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Abstract: SA-PO243

A Novel In Vivo Model of Renal Cell Carcinoma (RCC) Angiogenesis

Session Information

Category: Onconephrology

  • 1700 Onconephrology


  • Levin-Klein, Rena, Sheba Medical Center, Tel Hashomer, Tel Aviv, Israel
  • Rabinowitz, Grace, Sheba Medical Center, Tel Hashomer, Tel Aviv, Israel
  • Greenberger, Shoshana, Sheba Medical Center, Tel Hashomer, Tel Aviv, Israel
  • Beckerman, Pazit, Sheba Medical Center, Tel Hashomer, Tel Aviv, Israel
  • Pleniceanu, Oren, Sheba Medical Center, Tel Hashomer, Tel Aviv, Israel

Renal cell carcinoma (RCC) is the most common tumor in the kidney and currently lacks effective treatments. Remarkably, although RCC is an extremely angiogenic tumor, existing drugs aimed at inhibiting angiogenesis have shown disappointing results in patients. One potential reason for this discrepancy is the fact that most models used to dissect the molecular mechanisms of RCC angiogenesis involve transplantation of human tumor cells into mice, which results in development of host-derived vasculature, putting into question their clinical relevance. We have previously shown that combined transplantation of human kidney cells alongside human vessel forming cells into immunodeficient mice allows the generation of vascularized reno-vascular units. Herein, we aimed to develop a novel in-vivo model that will include RCC cells and vessels that are both human-derived.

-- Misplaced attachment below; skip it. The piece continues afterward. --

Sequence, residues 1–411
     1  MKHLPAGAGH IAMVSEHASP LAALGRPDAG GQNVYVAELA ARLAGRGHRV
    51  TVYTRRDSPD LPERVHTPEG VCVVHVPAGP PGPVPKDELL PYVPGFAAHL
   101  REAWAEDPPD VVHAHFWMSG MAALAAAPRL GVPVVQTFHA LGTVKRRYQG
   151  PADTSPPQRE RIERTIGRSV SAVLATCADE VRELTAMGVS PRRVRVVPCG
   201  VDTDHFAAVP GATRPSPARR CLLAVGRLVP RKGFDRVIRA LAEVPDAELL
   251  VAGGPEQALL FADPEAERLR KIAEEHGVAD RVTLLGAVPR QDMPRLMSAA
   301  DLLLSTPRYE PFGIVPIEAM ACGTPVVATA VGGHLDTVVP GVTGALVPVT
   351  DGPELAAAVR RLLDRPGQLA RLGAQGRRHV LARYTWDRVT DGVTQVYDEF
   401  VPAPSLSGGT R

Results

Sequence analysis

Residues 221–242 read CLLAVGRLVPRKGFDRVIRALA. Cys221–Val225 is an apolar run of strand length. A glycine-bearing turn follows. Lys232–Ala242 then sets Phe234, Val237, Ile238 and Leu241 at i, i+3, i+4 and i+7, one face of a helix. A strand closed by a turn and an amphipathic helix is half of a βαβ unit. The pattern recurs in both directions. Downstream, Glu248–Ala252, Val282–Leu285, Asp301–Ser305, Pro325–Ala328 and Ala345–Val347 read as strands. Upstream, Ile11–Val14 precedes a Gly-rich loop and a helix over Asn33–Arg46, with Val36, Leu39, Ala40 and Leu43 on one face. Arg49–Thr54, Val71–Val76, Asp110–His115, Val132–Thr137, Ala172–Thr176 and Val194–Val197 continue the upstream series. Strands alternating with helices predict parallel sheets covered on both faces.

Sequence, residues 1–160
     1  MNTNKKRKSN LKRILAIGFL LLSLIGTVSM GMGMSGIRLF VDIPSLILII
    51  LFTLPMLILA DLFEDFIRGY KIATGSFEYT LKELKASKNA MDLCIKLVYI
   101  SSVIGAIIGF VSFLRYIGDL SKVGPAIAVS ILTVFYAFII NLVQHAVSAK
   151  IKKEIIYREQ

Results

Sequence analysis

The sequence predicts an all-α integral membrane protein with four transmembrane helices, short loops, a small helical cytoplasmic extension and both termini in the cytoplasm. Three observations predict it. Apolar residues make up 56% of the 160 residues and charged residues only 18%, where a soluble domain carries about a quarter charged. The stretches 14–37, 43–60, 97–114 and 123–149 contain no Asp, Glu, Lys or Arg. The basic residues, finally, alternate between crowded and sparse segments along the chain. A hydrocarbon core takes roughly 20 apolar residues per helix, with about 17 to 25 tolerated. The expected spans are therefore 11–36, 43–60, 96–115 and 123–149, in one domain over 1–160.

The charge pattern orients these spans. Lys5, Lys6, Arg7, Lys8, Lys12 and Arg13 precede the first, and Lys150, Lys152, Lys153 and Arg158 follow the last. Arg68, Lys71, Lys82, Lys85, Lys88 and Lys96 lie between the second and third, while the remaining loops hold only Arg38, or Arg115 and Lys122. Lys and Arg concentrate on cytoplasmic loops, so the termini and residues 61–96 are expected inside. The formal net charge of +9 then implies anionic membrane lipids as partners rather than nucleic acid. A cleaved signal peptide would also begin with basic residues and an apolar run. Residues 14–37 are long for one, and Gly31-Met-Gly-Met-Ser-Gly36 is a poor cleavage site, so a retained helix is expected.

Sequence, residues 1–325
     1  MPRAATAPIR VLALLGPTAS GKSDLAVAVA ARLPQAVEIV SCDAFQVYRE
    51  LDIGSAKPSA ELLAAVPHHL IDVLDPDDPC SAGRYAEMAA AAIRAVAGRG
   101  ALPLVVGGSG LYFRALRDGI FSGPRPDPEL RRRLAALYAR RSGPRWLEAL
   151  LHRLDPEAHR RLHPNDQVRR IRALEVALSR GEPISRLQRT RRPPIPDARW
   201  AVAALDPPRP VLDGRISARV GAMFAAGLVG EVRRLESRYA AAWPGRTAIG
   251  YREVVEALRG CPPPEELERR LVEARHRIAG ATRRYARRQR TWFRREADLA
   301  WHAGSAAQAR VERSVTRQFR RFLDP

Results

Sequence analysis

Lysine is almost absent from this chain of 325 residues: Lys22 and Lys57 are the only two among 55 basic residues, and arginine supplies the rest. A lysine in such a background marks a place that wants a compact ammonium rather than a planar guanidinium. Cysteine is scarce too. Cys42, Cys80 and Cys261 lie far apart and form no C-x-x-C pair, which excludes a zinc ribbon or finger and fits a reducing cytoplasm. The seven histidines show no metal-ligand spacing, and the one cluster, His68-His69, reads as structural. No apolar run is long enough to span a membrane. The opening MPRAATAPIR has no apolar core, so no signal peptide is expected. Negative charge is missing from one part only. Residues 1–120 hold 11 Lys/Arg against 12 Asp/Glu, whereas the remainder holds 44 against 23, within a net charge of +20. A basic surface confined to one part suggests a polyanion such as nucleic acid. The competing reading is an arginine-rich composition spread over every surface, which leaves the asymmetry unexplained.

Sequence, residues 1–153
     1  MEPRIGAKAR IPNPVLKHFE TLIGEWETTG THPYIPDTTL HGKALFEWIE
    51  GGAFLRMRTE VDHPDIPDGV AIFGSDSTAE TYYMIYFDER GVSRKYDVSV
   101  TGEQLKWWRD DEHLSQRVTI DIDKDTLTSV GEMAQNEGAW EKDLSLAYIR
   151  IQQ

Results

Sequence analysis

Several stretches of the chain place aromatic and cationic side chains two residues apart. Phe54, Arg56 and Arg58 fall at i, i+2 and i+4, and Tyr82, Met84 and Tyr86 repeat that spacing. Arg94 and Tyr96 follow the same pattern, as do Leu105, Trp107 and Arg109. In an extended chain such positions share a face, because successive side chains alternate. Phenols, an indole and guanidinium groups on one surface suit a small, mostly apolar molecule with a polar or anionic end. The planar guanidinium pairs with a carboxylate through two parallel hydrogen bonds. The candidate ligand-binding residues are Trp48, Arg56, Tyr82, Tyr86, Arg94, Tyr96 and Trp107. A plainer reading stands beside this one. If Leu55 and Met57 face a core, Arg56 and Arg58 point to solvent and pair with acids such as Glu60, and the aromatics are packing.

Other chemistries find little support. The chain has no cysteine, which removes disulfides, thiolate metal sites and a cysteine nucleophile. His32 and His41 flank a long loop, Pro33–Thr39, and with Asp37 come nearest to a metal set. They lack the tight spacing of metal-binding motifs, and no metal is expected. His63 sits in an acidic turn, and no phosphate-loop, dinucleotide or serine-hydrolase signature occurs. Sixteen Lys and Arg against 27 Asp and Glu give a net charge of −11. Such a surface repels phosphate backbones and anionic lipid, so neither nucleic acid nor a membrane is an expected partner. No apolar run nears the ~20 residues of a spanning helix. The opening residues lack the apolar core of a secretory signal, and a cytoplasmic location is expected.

We inoculated immunodefficient NOD-SCID mice with a combination of 106 fresh RCC cells and two types of human cells: (1) 5X105 Endothelial Colony Forming Cells (ECFC); (2) 5X105 Multipotent Stromal Cells (MSC), and analyzed the grafts following 3 weeks using immunostaining.


Remarkably, the grafts developed into vascularized tumor units consisting of both RCC-like tissue, expressing classical markers of the tumor (e.g., PAX2 and PAX8), as well as human, HLA-positive blood vessels, contatining CD31+ endothelium, which were seen to feed the tumor tissue.


Taken together, this model represents a new purely-human inv-vivo model that allows studying the process of RCC angiogenesis, which could facilitate the uncovering of new mechanisms governing this critical process.


  • Private Foundation Support